This enrollment target, identical with what it was 2 years ago (c.210K), was missing from the Governor’s January budget and the May revise. The  legislature put it back after the LAO notedits absence. Governor Brown’s veto means that, although Master Plan eligibility still exists on paper the state will no longer monitor UC’s compliance with Master Plan expectations. (In some previous years it required that fund be “reverted” to the State if UC did not meet its enrollment target.)


The Council of UC Faculty Association’s Executive Director, Eric Hays has been keeping track of how far the Governor has moved away from Master Plan requirements in the past three budgets. As you can see (below), Jerry Brown is MUCH worse than Schwarzenegger in holding UC to Master Plan targets. By several measures he is also worse in funding UC, which may be why he no will longer hold UC accountable Californians with non-resident students, each of whom yields a surplus revenue of c. $22K . Who will keep these accounts if the DOF and the Governor don’t?

UC remains free to enroll more the 210K resident students even if the state no longer expects it to do so.  This year’s vetoed language contained no penalty if UC missed it’s target, so the Governor’s veto should probably be read as a purely symbolic repudiation of the Master Plan’s link between UC funding and if you want a sense of where things are headed, just listen to President Yudof crow: “[The] bill included California resident enrollment target language that is not consistent with funding levels provided from the State… In accordance with my request the Governor vetoed the budget provisions on the enrollment target ….” (Yudof to Regents, June 29, 2012)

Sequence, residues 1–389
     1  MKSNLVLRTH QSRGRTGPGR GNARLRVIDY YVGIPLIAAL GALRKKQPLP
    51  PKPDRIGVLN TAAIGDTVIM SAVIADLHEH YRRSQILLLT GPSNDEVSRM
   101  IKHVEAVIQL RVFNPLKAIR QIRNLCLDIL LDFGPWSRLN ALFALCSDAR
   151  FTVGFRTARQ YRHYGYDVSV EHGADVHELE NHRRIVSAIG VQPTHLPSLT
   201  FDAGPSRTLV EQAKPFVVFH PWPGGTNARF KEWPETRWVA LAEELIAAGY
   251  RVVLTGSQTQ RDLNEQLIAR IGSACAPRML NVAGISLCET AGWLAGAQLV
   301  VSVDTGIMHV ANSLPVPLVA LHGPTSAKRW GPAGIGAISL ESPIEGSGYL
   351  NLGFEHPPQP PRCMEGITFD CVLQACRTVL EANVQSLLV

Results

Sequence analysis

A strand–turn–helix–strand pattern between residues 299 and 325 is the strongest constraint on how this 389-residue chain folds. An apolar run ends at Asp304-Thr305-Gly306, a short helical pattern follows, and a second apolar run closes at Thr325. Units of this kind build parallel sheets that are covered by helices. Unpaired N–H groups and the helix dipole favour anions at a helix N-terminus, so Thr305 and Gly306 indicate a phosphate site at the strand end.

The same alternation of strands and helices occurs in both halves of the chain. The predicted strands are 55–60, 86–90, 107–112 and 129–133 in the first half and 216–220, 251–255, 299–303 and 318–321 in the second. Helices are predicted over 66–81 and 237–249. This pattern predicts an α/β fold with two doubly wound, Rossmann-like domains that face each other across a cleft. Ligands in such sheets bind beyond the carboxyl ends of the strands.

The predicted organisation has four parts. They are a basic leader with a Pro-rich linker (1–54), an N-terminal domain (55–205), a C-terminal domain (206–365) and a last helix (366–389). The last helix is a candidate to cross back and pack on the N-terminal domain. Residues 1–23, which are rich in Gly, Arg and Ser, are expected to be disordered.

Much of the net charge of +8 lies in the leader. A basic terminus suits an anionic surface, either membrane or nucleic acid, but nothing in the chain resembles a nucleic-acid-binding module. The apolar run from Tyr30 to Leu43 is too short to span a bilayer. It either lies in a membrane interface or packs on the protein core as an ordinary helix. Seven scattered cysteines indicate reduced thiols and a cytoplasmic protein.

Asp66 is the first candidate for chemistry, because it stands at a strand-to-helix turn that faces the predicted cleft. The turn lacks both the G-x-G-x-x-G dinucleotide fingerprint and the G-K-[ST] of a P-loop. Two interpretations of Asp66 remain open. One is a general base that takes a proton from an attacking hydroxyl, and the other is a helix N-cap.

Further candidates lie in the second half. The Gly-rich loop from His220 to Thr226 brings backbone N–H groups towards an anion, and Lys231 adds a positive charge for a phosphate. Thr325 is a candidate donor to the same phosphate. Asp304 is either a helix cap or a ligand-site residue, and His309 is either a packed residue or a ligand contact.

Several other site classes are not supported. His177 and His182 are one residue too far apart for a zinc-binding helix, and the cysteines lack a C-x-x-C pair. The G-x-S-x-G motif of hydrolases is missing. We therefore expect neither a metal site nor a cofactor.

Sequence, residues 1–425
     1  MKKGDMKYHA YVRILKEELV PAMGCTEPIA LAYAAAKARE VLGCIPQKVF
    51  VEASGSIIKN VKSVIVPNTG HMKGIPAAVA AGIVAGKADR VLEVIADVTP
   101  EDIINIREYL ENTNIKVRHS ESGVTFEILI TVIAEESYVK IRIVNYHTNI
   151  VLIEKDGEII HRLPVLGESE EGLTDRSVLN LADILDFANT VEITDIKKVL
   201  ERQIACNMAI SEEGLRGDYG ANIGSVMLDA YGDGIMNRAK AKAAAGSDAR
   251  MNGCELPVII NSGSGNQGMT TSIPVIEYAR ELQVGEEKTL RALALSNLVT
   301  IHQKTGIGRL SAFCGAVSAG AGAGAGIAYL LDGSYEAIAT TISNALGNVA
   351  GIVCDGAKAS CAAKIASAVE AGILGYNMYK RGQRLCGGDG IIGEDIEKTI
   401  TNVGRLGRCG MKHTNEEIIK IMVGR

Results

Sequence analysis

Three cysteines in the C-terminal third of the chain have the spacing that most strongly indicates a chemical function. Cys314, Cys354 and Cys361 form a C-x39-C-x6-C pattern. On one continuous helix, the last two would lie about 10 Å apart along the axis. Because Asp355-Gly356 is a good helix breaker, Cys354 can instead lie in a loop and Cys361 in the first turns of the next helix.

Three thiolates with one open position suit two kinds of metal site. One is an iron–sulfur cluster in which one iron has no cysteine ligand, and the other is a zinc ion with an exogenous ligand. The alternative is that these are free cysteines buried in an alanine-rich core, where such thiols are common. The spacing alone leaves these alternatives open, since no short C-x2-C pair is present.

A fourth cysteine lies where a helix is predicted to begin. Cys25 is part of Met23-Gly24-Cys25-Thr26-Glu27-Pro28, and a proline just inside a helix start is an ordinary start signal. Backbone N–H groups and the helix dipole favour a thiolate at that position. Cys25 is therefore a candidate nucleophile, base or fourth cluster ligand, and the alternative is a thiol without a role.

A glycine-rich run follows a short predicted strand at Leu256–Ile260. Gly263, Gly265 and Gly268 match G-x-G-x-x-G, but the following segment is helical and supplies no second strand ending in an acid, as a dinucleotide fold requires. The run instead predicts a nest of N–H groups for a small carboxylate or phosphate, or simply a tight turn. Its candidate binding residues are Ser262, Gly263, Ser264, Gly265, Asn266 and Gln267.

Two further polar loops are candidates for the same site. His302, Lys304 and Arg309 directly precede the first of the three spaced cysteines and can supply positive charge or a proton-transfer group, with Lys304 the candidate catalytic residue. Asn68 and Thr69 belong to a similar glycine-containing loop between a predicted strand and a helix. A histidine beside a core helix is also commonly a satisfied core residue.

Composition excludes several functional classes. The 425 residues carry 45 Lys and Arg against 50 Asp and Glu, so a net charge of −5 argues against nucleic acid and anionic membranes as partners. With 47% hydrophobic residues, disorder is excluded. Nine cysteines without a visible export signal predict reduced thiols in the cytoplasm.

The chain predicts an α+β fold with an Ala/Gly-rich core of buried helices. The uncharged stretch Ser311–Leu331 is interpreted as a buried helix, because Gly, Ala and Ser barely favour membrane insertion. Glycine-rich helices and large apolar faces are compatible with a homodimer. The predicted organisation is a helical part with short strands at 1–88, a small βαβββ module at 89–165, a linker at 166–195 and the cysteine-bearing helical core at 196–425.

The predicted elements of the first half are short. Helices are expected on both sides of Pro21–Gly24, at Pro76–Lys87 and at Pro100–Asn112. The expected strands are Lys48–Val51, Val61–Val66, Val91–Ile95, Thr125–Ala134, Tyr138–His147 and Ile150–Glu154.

On Friday, June 30, Eric Hays and Joe Kiskis (CUCFA’s VP for External Relations) attended a meeting at UCOP in which the likely outlines of the Governor’s  compact with Yudof were revealed. Joe reports as follows: